Bernard Loing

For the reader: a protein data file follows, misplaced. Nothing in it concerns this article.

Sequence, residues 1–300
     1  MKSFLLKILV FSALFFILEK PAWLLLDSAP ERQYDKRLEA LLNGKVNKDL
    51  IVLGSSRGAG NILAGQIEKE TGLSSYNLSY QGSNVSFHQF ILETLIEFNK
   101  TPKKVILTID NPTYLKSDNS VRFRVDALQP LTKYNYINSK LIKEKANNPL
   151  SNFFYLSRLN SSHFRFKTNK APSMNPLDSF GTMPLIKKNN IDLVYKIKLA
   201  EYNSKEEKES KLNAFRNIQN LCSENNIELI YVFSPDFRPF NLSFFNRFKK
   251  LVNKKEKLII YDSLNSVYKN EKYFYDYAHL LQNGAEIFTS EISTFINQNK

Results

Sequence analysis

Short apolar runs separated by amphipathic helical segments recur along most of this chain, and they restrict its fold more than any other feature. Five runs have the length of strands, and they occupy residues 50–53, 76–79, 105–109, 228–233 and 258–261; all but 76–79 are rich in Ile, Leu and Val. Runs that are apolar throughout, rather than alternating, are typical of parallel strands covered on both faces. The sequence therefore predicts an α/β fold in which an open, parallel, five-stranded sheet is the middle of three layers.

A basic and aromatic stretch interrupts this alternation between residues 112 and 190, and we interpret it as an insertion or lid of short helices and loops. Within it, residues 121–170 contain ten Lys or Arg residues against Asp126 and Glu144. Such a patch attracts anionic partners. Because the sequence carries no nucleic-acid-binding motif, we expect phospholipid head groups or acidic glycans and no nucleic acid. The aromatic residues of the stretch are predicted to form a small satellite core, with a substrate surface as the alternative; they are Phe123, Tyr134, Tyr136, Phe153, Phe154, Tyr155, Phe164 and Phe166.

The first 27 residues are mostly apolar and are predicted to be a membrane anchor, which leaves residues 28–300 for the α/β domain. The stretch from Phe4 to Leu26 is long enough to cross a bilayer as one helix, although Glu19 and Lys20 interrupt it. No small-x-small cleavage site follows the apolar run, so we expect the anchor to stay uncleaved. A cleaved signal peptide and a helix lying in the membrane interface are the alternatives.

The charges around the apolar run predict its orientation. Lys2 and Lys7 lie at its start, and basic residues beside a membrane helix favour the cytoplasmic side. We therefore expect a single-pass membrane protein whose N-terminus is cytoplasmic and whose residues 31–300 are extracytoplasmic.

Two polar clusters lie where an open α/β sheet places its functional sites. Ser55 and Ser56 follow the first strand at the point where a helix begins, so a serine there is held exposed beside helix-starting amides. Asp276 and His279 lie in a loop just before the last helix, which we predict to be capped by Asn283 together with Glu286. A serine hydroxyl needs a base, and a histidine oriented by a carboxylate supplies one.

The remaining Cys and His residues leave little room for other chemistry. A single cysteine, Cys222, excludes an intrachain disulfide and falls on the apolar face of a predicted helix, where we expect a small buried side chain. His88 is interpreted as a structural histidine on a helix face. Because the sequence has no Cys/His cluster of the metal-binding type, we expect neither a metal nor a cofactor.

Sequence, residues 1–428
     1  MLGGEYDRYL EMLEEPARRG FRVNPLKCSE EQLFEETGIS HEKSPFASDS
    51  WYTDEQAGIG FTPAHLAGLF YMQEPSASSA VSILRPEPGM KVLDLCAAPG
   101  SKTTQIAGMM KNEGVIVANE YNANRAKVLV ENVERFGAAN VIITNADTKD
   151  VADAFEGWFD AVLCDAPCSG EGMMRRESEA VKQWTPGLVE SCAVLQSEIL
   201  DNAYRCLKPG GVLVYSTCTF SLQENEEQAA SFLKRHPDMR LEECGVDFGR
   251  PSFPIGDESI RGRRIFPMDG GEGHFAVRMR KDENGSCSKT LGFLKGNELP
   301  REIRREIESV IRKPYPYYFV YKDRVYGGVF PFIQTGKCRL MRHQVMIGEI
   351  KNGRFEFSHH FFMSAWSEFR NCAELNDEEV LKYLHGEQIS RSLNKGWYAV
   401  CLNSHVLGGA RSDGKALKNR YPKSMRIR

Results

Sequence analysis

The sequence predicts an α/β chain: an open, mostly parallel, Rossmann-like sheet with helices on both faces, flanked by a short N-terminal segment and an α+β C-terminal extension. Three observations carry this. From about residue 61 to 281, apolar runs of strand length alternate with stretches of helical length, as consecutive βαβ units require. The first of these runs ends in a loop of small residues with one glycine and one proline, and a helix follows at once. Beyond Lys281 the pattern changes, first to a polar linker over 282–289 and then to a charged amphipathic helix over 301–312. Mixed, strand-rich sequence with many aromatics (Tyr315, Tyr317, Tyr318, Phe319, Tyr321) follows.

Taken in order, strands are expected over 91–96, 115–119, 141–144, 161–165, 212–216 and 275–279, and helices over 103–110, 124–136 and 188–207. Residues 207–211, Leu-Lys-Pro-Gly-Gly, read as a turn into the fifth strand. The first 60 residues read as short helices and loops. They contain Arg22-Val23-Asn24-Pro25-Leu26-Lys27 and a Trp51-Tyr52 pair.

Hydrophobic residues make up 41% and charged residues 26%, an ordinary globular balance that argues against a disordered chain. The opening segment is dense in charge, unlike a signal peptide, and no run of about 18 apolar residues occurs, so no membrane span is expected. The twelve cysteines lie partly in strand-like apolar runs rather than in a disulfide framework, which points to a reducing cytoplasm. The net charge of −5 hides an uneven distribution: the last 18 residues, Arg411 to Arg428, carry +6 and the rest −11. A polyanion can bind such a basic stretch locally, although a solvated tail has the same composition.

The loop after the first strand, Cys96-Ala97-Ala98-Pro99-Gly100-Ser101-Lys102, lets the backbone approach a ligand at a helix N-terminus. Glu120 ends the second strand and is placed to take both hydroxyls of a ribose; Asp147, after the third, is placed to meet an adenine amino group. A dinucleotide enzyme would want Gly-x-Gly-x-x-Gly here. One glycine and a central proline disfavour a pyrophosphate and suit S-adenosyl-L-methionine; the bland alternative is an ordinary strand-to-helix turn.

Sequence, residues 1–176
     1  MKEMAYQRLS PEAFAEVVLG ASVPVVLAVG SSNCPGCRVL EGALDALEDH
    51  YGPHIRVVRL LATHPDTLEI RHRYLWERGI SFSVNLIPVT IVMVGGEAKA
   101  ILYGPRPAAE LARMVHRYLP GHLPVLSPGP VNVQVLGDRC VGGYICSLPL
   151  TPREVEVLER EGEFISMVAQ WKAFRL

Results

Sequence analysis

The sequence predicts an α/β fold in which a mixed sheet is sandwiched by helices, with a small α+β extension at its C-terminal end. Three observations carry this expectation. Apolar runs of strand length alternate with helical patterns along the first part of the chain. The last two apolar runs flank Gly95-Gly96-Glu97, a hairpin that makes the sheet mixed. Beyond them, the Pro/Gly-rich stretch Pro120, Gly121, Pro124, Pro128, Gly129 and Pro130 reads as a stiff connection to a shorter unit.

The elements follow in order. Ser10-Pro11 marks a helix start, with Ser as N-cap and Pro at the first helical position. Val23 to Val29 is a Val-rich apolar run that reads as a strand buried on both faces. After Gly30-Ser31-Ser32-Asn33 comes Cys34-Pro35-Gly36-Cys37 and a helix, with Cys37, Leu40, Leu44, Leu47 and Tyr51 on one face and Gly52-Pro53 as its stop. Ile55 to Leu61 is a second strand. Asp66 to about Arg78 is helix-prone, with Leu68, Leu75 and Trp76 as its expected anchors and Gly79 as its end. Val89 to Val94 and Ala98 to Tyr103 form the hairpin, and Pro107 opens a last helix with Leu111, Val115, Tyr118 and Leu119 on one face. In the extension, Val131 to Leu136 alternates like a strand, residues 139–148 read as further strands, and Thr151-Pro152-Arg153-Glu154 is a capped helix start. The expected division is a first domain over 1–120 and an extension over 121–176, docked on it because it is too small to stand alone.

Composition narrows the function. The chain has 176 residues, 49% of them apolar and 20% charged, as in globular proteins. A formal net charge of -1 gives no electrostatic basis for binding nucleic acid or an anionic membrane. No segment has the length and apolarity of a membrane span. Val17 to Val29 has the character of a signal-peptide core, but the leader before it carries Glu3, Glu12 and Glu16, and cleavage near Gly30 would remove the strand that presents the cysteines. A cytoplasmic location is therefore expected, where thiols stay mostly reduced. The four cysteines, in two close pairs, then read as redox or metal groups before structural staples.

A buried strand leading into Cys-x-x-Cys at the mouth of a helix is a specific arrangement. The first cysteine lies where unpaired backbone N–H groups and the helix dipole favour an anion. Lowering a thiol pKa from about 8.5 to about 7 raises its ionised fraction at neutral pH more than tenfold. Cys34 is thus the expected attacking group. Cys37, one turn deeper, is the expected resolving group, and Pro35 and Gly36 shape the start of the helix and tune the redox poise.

Abstract. For the centenary of the First World War, we rediscover Mr. Britling Sees It Through (1916), a rare novel in which H. G. Wells powerfully delivers his ‘inner experience’ of the real world catastrophe, so often announced by this expert in imaginary wars. From the heart of the fight, Ernst Jünger the fierce warrior had sung his Kampf als inneres erlebnis. With Britling written far from the front, Wells shows how deeply a man of peace can be involved. For the first time, he does not treat a war novel as a literary game. He understands the war as a global event but knows that with Britling, the message to be delivered must come from the soul and be deeply personal. The novel is largely autobiographical, the inner experience being enlarged through the heart-breaking death of Hugh, an imaginary son, parallel to that of Heinrich, the German preceptor and friend. Emotion is at its deepest in the dramatically decisive scene between Britling and his wife. This emotion is built gradually through the art of the writer, from a narrative timeline to a vortex; through analogies and contrasts between Matching’s Easy’s Flower Show and echoes of the coming war in the distance; with the long drive in the quietness of the night; by describing how war, so far totally unknown on British soil, gradually invades ‘the common texture of English life’. With the night scenes as echoes of Britling’s inner plunge into his experience of war, the novel has a poetic flavour, reminding us that night was always for Wells a great source of inspiration.

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